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4.1.1 Using the Guile Curses module

To use ncurses library functions, you have to load the (ncurses curses) module into the program.

Here is the Hello World program.

(use-modules (ncurses curses))

(define stdscr (initscr))
(addstr stdscr "Hello World!!!")
(refresh stdscr)
(getch stdscr)

The first line of the example, #!/usr/bin/guile, gives the location of where Guile is installed on my system. This may differ on your system.

The above program prints “Hello World!!!” to the screen, waits for the user to press any key, and then exits. This program shows how to initialize curses and do screen manipulation and end curses mode. Let’s dissect it line by line. About initscr

The procedure initscr initializes the terminal in curses mode. It clears the screen and presents a blank screen. To do any screen manipulation using the curses package, this has to be called first. This function initializes the curses system and allocates memory for screen handling and some other data structures. It returns a SMOB that represents the default window: the window that represents the entire screen. By convention, this window is denoted stdscr, the standard screen. Under extreme cases, this function might fail due to insufficient memory to allocate memory for curses library’s data structures.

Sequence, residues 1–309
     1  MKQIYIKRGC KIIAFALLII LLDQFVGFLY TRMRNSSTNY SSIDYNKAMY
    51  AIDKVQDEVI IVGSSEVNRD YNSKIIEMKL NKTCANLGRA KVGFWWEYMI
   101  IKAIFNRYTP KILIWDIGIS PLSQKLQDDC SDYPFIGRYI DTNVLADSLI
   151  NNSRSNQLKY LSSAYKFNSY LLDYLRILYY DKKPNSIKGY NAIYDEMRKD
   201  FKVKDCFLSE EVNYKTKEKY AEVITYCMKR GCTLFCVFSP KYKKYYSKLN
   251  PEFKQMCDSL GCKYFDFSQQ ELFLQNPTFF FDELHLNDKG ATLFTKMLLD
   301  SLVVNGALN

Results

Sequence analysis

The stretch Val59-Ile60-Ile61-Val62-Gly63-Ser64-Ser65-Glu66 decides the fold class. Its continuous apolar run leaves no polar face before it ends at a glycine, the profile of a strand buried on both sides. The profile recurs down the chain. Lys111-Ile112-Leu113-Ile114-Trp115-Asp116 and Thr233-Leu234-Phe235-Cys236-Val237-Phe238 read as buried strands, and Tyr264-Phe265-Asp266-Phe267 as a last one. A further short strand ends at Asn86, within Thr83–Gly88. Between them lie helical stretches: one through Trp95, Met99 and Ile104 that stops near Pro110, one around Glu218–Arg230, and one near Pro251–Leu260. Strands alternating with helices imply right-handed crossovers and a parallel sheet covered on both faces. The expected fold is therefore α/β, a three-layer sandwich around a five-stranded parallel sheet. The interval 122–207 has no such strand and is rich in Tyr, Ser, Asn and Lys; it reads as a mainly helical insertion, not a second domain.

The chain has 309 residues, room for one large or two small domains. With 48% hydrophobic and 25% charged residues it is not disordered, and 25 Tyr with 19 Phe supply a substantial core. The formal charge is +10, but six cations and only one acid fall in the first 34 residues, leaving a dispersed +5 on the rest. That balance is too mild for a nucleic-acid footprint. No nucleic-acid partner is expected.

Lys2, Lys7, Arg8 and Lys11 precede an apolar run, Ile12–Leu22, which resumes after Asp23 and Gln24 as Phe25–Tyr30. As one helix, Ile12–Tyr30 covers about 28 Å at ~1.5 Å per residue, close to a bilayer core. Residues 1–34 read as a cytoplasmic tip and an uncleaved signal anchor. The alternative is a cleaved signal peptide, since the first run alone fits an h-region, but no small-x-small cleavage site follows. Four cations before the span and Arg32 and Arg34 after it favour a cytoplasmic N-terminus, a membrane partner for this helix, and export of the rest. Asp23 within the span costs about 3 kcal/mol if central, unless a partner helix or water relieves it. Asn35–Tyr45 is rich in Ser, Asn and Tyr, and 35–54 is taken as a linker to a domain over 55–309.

The procedure initscr returns a #<window> that contains necessary information about the curses screen. The #<window> that is returned must be stored until the program is finished with the curses library. If that #<window> is garbage collected, the curses library cannot continue.

After this is done, we can do a variety of initializations to customize our curses settings The mysterious refresh

The next line addstr prints the string “Hello World!!!” on to the screen. This function prints the data on a window called stdscr at the current (y, x) coordinates. Since our present coordinates are at 0,0 the string is printed at the top, left-hand corner of the window.

This brings us to the mysterious (refresh stdscr). Well, when we called addstr, the data is actually written to an imaginary window, which is not updated on the screen yet. The job of addstr is to update a few flags and data structures and write the data to a buffer corresponding to stdscr. In order to show it on the screen, we need to call refresh and tell the curses system to dump the contents on the screen.

The philosophy behind all this is to allow the programmer to do multiple updates on the imaginary screen or windows and to do a refresh once all the screen update is done. refresh checks the window and updates only the portion which has been changed. This improves performance and offers greater flexibility, too. But, it is sometimes frustrating to beginners. A common mistake committed by beginners is to forget to call refresh after they did some update through addstr. About endwin

And finally, don’t forget to end the curses mode. Otherwise your terminal might behave strangely after the program quits. endwin frees the memory taken by the curses sub-system and its data structures and puts the terminal in normal mode. This function must be called after you are done with curses mode.

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